Rise of the Guardians
What parents need to know
Parents Need to Know
Parents need to know that Rise of the Guardians is based on the movie of the same name. It stars cartoonish, warrior-like versions of characters like the Tooth Fairy and the Easter Bunny who do battle against the Pitch (the Boogeyman) and his army of shadowy nightmare creatures. Santa spends the entire game running around with a sword in his hand, slicing and chopping away at his foes. This game could play havoc with kids' images of these semi-hallowed figures. As the game progresses kids will dispatch thousands of enemies with various weapons and magic. There is no blood or gore, and the heroes never fight humans, but the combat is constant. There's virtually nothing else to do in the game, save try to figure out its labyrinthine levels.
What kids can learn
- cultural understanding
Thinking & Reasoning
- meeting challenges together
What Kids Can Learn
Rise of the Guardians wasn't created with educational intent, and we don't recommend it for learning.
What's it about?
Based on the Dreamworks movie, RISE OF THE GUARDIANS is an action game starring Santa, the Easter Bunny, the Sandman, the Tooth Fairy, and Jack Frost in a fight against Pitch -- also known as the Boogeyman -- and his army of shadowy nightmare creatures. The Guardians, as they think of themselves, derive their power from the children who believe in them. They need to fight for kids' confidence in them by using swords, whips, and magic to defeat the smoky entities infesting their homes. Up to four players can play together at the same time (solo players can switch between characters at will), and all of the heroes slowly level up, gaining new abilities and powers as they dispatch baddies.
Is it any good?
Rise of the Guardians is essentially a dungeon crawler for kids, save that Santa, the Tooth Fairy, and Jack Frost are put in place of the usual elves, dwarves, and mages. It might seem a slight difference, but it feels significant when playing. Seeing Santa -- or "North," as he's called in the game -- running around and hacking away at spooky creatures with a sword seems like something better suited to an episode of South Park than a game for kids.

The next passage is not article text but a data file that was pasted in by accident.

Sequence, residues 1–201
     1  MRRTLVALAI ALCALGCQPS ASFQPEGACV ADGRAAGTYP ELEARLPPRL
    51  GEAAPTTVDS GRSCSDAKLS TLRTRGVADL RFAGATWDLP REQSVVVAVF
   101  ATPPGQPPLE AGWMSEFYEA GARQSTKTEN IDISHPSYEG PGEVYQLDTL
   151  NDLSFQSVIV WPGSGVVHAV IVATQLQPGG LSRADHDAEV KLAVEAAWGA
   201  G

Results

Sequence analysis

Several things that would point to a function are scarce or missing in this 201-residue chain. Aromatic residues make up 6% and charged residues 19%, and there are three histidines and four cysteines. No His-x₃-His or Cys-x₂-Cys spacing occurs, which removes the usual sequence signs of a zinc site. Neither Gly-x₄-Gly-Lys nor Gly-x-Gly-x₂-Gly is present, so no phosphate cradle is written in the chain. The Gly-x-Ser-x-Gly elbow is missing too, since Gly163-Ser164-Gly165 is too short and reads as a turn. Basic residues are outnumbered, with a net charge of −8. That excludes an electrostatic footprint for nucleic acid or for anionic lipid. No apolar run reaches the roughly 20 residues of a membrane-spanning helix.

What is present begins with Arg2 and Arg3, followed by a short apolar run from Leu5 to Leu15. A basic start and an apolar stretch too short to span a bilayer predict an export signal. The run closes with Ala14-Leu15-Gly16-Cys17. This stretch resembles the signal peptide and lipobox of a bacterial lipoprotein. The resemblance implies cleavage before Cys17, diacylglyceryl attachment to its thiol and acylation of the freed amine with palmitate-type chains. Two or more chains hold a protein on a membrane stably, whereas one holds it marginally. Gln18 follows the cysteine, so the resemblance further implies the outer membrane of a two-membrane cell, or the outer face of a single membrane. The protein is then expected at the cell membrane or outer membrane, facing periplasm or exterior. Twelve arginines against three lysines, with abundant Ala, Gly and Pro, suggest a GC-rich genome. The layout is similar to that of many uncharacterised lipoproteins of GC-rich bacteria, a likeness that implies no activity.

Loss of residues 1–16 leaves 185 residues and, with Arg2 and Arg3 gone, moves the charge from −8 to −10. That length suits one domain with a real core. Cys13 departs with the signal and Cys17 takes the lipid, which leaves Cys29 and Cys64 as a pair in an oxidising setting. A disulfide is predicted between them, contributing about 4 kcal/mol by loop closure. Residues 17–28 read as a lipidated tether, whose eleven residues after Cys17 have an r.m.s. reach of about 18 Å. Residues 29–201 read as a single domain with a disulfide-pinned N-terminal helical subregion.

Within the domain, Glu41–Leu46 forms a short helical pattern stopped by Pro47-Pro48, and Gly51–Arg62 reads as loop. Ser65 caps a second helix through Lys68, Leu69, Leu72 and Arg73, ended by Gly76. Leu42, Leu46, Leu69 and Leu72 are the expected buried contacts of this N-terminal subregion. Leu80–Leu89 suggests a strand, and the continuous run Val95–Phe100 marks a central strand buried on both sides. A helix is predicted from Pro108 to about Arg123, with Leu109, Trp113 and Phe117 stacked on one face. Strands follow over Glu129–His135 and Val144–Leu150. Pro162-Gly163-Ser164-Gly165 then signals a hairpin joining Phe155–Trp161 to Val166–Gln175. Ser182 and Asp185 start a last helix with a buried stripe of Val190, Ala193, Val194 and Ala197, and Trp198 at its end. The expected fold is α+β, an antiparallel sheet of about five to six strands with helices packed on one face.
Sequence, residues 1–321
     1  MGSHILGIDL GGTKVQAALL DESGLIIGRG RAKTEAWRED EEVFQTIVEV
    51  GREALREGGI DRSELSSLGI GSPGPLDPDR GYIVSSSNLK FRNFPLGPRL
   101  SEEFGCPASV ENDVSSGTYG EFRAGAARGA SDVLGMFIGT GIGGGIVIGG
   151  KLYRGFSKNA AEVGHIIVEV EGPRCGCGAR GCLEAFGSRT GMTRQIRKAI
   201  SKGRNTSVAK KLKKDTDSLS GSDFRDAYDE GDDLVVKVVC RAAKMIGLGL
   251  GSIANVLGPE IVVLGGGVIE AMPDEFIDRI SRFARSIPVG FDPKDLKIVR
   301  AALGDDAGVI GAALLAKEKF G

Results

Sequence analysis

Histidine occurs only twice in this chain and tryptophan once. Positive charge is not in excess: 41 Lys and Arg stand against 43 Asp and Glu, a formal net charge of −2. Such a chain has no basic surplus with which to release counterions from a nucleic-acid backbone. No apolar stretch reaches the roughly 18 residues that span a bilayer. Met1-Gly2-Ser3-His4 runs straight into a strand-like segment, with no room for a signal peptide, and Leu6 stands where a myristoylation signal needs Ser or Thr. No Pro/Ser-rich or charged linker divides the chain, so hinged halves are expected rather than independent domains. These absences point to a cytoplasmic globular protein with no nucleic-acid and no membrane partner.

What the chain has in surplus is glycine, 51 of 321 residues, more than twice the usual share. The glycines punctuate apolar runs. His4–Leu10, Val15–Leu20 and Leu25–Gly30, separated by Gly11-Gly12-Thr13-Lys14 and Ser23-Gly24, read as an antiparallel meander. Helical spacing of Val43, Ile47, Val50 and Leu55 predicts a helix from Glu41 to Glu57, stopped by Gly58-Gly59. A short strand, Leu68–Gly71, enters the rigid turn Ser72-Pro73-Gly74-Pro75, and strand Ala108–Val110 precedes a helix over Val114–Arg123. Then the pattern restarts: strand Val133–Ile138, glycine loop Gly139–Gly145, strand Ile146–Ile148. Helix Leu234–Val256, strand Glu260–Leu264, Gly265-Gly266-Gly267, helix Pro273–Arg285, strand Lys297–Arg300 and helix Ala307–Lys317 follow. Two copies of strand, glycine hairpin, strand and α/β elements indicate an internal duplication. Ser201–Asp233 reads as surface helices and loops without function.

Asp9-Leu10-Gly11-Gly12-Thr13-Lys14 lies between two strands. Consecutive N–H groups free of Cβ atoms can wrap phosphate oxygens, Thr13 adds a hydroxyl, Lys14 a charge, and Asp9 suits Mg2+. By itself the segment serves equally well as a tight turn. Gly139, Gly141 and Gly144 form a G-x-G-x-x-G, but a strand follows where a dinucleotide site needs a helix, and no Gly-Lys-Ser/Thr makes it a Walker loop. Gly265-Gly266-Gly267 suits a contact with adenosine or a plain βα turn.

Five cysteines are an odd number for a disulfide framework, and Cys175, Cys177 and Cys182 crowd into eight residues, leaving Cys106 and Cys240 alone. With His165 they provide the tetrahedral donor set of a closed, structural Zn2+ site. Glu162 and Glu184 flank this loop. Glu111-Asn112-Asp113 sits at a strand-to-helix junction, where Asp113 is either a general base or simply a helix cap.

Story and characters aside, the game isn't half bad. The mazelike levels will test kids' navigational skills, and there are loads of items to collect and little objectives to complete (friends that need to be rescued from cages, pals that need to be kept safe from bad guys, etc.). Plus, a simple, intuitive leveling system, complete with growing attribute statistics, unlockable abilities, and skill-altering crystals provides a good reason to keep playing. It's all very basic stuff, but suitable for a first-time dungeon crawling experience. Too bad that Santa is the character whose attacks you're leveling up. That just seems wrong.
Families can talk about...
Families can talk about violence in games. What's too much for your kids? Do they know when to pull back from things that may be too frightening for them? What signs do you watch for in determining whether something may be too intense?
Families can also discuss our evolving perceptions of well-known, beloved characters. What do you think of a game or movie portraying a figure like Santa as a sword-wielding action hero? In what ways might it alter your thoughts about who they are and what they represent?